11 June 2017: “Best” Pea Soup Recipe

2017-Jun-11_FourNightsAWeek_0910One of the best things about travel for me is getting ideas about ramping up our food game. Last week, we were in New York City and landed a reservation at Bar Boulud. The prix fixe for the night included a bowl of chilled pea soup which was simple, fresh, and stunning. And no, that’s not the wine talking! This recipe from Mark Bittman reaches back to when he wrote the Diners Journal for the NYTimes comes very close; the flavoring at Bar Boulud was rosemary infused, but either rosemary or tarragon as suggested in Mark Bittman’s recipe makes this a great summer-time soup to start off a meal, or on its own.

Our reason for traveling to NYC this time was to see the Irving Penn Centennial exhibit at the Metropolitan. If you have a chance to get to NY before the show closes on July 30, 2017, by all means go! It is an amazing and inspiring show of Penn’s personal projects and more commercial endeavors.

Possibly the Best Pea Soup – Mark Bittman, NYTimes

Ingredients

  • 1 TBSP olive oil
  • 1/2 cup finely sliced shallots
  • 1 clove garlic, finely chopped
  • 1 pound shelled fresh sweet peas (I used WFM frozen; not a fan of shelling peas)
  • 1/2 TBSP chopped fresh tarragon*
  • 1/2 TBSP salt
  • Pinch pepper
  • 1/4 cup half and half or light cream

*If adapting for Bar Boulud version, experiment with fresh rosemary here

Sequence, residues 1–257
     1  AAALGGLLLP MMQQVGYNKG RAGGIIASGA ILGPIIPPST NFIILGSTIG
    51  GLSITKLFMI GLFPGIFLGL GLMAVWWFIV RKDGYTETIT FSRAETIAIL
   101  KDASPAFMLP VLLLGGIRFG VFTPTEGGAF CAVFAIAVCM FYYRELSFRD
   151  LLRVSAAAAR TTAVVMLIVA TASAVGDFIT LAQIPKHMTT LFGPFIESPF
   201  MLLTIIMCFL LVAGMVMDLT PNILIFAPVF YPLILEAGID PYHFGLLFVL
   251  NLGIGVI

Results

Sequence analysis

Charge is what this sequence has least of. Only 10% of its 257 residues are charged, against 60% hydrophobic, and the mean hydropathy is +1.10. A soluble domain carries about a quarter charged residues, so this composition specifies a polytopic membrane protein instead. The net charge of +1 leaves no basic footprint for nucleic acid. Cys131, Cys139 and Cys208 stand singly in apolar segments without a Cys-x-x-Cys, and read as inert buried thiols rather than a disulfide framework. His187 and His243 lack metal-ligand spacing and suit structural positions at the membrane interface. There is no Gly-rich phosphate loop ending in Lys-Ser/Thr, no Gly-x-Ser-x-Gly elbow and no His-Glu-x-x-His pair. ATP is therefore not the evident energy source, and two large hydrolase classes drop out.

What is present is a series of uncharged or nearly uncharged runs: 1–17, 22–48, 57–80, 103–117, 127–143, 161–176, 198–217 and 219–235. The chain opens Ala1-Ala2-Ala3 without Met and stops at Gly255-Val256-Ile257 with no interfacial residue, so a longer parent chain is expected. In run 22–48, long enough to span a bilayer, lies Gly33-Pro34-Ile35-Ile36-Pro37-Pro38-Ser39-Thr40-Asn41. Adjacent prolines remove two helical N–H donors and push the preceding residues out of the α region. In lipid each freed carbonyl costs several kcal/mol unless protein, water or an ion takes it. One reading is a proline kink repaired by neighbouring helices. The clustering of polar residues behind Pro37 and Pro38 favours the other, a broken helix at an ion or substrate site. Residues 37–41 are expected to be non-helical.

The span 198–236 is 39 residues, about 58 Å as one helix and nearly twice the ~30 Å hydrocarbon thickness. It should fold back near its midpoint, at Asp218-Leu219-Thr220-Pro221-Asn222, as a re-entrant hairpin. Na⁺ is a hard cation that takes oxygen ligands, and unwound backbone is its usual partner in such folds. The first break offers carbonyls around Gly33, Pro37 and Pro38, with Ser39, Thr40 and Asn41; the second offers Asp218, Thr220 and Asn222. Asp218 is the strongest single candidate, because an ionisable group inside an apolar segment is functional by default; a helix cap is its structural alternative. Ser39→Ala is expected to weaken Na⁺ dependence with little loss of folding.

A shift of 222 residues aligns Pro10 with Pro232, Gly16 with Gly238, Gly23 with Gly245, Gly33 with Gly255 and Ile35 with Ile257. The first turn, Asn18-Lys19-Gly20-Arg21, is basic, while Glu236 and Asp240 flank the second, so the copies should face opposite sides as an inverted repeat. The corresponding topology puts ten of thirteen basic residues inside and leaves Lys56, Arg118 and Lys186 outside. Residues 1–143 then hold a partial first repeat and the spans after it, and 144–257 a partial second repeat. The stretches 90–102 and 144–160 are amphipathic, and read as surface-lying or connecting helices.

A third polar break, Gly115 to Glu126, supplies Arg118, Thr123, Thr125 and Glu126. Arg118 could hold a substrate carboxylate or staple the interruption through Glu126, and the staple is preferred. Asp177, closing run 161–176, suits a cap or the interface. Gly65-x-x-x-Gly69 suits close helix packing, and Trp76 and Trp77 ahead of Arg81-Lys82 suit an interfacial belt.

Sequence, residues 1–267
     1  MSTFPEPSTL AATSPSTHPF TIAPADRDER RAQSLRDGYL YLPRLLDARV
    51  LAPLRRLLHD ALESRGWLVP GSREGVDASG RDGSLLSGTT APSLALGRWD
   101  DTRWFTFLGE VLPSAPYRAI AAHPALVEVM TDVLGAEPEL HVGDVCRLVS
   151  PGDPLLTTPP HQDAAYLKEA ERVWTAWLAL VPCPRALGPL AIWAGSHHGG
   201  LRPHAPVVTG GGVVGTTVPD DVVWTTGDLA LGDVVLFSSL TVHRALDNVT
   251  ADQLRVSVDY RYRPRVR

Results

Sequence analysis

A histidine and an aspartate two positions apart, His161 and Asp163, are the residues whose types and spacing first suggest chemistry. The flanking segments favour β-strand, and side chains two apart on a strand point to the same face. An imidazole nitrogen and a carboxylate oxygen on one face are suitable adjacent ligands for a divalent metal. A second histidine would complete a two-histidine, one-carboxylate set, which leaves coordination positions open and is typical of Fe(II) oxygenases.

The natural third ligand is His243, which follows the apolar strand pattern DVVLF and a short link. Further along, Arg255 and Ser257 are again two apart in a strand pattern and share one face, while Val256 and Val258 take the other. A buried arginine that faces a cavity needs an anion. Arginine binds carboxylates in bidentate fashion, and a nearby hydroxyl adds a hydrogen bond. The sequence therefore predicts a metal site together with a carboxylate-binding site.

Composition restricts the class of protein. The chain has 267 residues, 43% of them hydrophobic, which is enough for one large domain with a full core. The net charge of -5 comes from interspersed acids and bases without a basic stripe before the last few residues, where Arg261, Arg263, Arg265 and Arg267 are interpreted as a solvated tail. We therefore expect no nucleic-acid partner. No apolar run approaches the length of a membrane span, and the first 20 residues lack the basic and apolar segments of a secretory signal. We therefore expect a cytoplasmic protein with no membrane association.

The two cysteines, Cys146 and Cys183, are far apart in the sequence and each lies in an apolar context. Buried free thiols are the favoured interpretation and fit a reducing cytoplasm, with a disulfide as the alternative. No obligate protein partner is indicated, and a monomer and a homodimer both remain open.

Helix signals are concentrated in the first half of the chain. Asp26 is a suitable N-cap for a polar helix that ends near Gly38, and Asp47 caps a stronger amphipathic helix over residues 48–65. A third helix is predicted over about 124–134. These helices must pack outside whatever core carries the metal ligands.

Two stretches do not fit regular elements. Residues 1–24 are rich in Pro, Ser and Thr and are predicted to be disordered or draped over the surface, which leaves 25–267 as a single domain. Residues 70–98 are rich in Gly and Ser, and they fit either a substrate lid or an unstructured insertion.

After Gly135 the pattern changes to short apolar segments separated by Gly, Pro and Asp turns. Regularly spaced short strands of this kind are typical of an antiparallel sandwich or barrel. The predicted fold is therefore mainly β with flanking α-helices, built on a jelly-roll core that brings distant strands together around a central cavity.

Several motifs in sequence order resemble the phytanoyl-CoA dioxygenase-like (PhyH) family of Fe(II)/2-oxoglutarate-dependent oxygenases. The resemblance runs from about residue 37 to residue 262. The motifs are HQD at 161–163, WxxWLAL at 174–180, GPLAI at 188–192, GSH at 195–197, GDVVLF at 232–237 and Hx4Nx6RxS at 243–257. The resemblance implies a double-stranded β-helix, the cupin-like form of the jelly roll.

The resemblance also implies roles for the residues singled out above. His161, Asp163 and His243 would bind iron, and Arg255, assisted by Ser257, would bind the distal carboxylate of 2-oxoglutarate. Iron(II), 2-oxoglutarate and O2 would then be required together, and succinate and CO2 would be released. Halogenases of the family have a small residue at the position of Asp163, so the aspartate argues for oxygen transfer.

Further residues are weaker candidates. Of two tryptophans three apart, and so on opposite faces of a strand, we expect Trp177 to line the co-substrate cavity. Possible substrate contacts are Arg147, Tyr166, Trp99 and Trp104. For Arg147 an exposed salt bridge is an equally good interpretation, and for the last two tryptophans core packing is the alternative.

Method

  1. Heat olive oil in soup pot. Add shallots and garlic and cook over medium heat until shallots are just wilted. Add 3 1/2 cups water, bring to boil, turn down heat and simmer for 1/2 hour.
  2. Add peas, tarragon, salt and pepper and bring back to boil. Turn down heat and let simmer for five minutes. Remove from heat and let cook to room temperature. Puree in a blender in batches until very smooth. Force through fine sieve into clean pot, discarding small amount of pea skins left in sieve. (I used my handy stick blender and left the skins in. They were pulverized and added a bit of texture to the soup)
  3. Stir in half and half and add salt if necessary to taste. Can be reheated and served hot or chilled and served cold. (Top with a dollop of creme fraiche and chives if you want to fancy this up)
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About amybisson

I taught second, third and fourth graders. Teaching was my passion and joy for 30 years. And it didn't hurt that they called me "mom" sometimes. View all posts by amybisson

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